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Recognize the “divorce syndrome” This is a rollercoaster of emotions which affects almost everyone going through divorce - denial, shock, shame, guilt, sadness, anger/bitterness/resentment, low self-esteem, stress, insecurity, helplessness, hopelessness, loneliness, confusion, feeling stuck, etc. This will diminish over time. Relief may be another one of these emotions. When life leading up to divorce has been ugly and bitter, being removed from your ex can result in a feeling of relief that a the marriage is over and you have some peace and quiet. Action: Circle the emotions listed above that you have been feeling. Use the list to help you identify what emotions you are experiencing most often. As you go through this book, you will learn how to better deal with each of these emotions. At this stage, just diagnose where you are. Are there any other emotions affecting you?

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Mourn the loss In divorce, there is the loss of your spouse, your old life, and the dreams you had for it. You need to grieve about this loss. Don’t be hard on yourself because you feel bad, cry and feel depressed. This is a normal process. Depending on the length of your marriage and the way that it ended, this could last a while. Men especially often try to shortcut this process and tough it out. Don’t do that. You have a right to grieve. Action: Write a letter below (as if to a friend) telling him or her why you are sad. What have you lost from getting divorced? What dreams did you have that have now ended? What emotions are you now feeling? If you are angry at your former spouse, mention why? Get it all off your chest.

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Deal with fears Divorce creates unknowns that can lead to unrealistic or exaggerated fears. Examples: I will not be able to take care of myself, I will not be able to see my children, or I will never find anyone else who will love me. Such nonsense can seem real in the atmosphere of divorce. Action: Make a running list of your fears. Challenge each one to see that they are unlikely or even impossible. Get information that will help you clarify any issues you don’t understand about fears such as legal rights. Begin to deal with those fears that have any basis in fact.

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Deal with any rejection There are many ways to end a marriage like Paul Simon’s song “50 Ways to Leave Your Lover”. Sadly, affairs or leaving to be with someone else is a cruel way to end it. In about 70% of divorces, someone left to be with another person. Being rejected heightens certain feelings – feeling like a loser, low self esteem and shame. Action: Rebuild your self-worth by listing below all the strengths and great qualities you have. Have close friends and family help by asking them to tell you what they see that is valuable in you. You are a desirable person.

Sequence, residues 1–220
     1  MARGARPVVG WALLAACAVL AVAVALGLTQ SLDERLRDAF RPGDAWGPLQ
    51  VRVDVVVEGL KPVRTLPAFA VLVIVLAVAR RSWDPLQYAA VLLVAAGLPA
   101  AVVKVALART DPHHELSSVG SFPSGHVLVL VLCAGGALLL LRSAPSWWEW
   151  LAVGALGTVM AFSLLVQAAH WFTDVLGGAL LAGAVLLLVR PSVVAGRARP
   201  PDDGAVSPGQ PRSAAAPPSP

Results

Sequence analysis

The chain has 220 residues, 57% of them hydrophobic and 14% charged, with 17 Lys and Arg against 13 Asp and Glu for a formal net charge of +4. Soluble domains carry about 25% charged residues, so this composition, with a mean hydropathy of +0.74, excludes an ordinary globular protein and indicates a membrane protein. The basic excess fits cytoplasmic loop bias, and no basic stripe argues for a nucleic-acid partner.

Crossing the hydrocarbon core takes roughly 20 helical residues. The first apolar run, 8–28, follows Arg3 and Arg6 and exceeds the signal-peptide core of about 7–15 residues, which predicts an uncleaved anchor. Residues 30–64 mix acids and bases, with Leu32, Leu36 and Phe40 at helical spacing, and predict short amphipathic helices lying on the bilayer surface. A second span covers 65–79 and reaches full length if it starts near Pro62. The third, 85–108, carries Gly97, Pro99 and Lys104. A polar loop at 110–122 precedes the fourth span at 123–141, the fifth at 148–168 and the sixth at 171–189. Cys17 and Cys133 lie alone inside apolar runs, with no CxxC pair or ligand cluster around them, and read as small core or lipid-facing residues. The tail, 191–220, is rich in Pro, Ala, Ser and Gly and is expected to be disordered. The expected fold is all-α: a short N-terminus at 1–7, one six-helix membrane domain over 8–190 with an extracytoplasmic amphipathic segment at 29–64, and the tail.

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Deal with anger Anger is part of the natural process of mourning the death of your marriage. If you try to repress the anger or pretend that you are above that sort of thing, it will come out later in other ways. You have a right to be angry. No matter who initiated the divorce, your life and future have been turned upside down. When you recognize your anger, you give it a chance to run its course. Anger used constructively helps you avoid being taken advantage of in negotiating property settlements and custody battles. Anger helps you minimize guilt. Anger helps you set barriers with you ex. Anger motivates you to move forward and prove to yourself that you can do things that you thought you could not. Anger can also drive you to be vindictive, even consumed. Don’t let that happen. Action: What are all the things you are angry about? What injuries have been done to you? Write a note to your ex (but don’t send it) and tell him or her why you are mad and about the anger you are feeling. When anger overwhelms you, give yourself permission to shout, scream, wail, or whatever. Expect that the anger stage may last for some time. As you begin to take control of your life and make progress on your own, your anger and bitterness will subside.

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Deal with guilt The one who was “left” in a marriage generally has to confront rejection and the resulting damage to self-esteem. The one who is the “leaver” is plagued with guilt. Leavers feel they have broken their promise and wounded their spouse. No matter what justification there was for leaving, “leavers” have to confront the decision they have made and let go of the guilt. Action: If you were the “leaver”, write yourself a note below about the reasons you left. Recall the effort and time you spent trying to “fix” the marriage. Realize that if the marriage was that bad, you did yourself and your ex a favor in the long run by having the courage to end it. Ask close friends and family to understand your decision and support you. Let them know how difficult this was and that you are hurting too.